Close Diablo by 2020

San Luis Obispo Mothers for Peace (MFP) applauds PG&E for its decision to close the Diablo Canyon nuclear plant. However, our organization asserts that it would be in the best interests of the ratepayers and the citizens of California if the shutdown date were moved forward to 2019/2020, rather than the 2024/2025 dates proposed by PG&E.

Among the reasons for this position are the following:

Early replacement of Diablo Canyon’s energy services is feasible.

• Solar, wind and geothermal energy capacity is increasing rapidly.

• Innovation in energy storage capacity is advancing.

• Community Choice Aggregation is a growing movement.

Aging Plant Equals Increased Risks

• Diablo Canyon’s procurement of mechanical components began more than 50 years ago.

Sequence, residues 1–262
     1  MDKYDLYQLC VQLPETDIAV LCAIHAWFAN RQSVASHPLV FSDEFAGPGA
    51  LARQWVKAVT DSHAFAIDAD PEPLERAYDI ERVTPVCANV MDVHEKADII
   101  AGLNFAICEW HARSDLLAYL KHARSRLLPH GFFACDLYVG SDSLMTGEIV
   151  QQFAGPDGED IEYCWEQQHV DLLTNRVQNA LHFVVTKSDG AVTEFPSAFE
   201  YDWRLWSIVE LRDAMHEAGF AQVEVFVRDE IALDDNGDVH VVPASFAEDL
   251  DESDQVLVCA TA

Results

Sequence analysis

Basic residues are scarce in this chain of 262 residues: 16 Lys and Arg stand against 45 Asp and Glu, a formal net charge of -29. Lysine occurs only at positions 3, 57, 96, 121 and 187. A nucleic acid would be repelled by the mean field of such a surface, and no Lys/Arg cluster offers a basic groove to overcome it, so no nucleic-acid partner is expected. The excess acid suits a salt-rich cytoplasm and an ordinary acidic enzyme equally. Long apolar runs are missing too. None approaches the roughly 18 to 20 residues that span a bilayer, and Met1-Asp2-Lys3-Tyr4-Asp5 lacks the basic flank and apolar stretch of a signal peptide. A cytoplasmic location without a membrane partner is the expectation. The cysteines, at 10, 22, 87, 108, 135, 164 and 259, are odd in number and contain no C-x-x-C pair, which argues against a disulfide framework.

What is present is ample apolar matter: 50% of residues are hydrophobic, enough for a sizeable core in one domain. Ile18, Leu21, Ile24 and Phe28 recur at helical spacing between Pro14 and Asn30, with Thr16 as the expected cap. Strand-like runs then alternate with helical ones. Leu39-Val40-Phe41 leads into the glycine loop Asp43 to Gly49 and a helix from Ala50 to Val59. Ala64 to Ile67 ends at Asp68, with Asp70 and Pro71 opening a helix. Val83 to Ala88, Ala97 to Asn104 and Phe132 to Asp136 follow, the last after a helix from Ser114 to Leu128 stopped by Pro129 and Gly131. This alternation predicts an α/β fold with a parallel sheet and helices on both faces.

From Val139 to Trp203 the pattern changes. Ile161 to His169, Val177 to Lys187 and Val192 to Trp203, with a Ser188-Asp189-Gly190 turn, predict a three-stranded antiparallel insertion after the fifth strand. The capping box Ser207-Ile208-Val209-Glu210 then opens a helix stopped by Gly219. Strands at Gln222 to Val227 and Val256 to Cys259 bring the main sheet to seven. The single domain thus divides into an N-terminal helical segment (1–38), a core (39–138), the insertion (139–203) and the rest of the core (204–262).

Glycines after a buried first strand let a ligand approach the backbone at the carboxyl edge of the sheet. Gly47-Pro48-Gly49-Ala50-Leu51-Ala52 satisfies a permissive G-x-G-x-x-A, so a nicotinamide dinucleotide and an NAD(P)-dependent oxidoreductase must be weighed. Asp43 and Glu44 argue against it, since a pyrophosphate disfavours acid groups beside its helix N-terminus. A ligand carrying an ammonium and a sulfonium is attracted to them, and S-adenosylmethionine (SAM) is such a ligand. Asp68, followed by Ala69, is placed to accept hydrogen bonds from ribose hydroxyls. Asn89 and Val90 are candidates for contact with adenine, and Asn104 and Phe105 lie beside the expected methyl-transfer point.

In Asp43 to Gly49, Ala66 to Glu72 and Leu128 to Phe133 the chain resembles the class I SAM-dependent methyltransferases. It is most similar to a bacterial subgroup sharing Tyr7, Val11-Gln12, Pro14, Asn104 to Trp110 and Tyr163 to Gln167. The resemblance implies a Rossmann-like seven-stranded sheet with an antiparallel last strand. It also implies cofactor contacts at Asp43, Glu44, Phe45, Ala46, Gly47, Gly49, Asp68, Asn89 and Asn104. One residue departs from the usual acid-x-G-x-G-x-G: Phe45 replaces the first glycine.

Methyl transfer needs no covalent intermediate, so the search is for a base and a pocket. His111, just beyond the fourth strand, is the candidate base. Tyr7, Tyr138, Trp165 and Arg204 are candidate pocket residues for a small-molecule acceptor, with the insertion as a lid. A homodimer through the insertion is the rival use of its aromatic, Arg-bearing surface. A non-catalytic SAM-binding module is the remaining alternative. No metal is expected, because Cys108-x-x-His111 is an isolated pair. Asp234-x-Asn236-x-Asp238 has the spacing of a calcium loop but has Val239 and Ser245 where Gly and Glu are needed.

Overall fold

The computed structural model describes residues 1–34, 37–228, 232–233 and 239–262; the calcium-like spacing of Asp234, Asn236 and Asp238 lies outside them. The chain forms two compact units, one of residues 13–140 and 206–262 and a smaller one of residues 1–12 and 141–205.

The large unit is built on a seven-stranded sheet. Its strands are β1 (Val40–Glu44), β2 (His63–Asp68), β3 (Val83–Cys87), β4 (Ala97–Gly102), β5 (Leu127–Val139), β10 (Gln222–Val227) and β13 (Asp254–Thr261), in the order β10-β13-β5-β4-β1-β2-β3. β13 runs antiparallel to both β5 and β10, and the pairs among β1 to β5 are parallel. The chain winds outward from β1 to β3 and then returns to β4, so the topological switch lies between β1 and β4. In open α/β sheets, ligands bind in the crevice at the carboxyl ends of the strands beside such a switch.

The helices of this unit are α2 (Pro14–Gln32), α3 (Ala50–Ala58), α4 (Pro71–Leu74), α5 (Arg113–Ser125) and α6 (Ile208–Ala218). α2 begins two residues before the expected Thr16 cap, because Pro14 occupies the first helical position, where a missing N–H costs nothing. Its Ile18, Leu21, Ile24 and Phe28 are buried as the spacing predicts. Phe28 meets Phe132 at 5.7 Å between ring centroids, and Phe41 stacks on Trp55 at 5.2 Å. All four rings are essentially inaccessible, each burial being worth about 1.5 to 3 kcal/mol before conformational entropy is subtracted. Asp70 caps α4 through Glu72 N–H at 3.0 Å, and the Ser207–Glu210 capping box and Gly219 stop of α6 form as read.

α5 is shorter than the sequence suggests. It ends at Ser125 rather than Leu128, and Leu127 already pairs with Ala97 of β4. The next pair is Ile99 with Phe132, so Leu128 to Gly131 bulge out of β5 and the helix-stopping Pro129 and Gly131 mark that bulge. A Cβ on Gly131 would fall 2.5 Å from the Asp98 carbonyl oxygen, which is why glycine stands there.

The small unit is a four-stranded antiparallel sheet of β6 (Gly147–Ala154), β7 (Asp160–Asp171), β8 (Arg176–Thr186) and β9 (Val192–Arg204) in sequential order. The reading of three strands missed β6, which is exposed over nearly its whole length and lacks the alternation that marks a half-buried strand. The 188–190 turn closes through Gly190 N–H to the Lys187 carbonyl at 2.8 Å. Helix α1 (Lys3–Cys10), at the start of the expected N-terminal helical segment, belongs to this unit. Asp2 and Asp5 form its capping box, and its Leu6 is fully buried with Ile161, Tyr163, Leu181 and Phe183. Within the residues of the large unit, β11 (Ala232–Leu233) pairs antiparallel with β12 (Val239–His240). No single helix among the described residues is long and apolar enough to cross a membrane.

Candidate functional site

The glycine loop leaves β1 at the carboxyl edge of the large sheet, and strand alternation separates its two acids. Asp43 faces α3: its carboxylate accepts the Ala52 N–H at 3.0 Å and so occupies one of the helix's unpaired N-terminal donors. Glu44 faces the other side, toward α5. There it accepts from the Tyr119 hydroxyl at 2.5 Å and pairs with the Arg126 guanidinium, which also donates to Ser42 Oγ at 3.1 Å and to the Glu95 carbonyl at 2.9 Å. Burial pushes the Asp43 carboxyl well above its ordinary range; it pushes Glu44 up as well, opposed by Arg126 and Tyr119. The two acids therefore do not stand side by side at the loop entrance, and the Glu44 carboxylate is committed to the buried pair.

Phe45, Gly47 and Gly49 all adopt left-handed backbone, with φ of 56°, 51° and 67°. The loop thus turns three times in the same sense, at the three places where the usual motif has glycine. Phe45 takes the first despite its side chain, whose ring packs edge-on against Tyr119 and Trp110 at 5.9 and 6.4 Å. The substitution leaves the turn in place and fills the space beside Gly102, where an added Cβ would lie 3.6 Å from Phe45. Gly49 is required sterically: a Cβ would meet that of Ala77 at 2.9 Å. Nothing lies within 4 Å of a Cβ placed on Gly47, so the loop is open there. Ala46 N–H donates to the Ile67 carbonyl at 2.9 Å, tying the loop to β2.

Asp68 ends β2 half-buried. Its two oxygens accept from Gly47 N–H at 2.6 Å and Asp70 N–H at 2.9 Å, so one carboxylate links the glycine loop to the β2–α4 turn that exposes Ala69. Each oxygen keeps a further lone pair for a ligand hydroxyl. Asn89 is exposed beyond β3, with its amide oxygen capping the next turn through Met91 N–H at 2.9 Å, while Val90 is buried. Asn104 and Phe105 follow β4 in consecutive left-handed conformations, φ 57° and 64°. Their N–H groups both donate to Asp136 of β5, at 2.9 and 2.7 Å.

• It is unlikely that Diablo Canyon reactors are mechanically capable of operating reliably until 2025 with their outmoded and degraded equipment.

PG&E has issued a list of “cancelled projects” that indicates the corporation is reluctant to spend the funds needed for maintenance.

Seismic Risks

• The age and degradation of DCNPP, coupled with the likelihood of seismic activity in the area, creates economic and environmental risks to ratepayers that are not justified by the purported benefits of keeping the plant in operation for seven or eight more years.

Diablo Canyon’s once-through cooling (OTC) system is responsible for 80 percent of the man-caused damage to the marine environment along the coast of California.

OTC kills fish, eggs, and larvae and other wildlife through impingement and entrainment.

OTC discharges tremendous amount of heated water directly into adjacent waters, thereby damaging aquatic species including plankton and plants upon which all aquatic species are dependent for survival.

Jane Swanson, S.L.O.

Jane Swanson is the spokesperson for San Luis Obispo Mothers for Peace.

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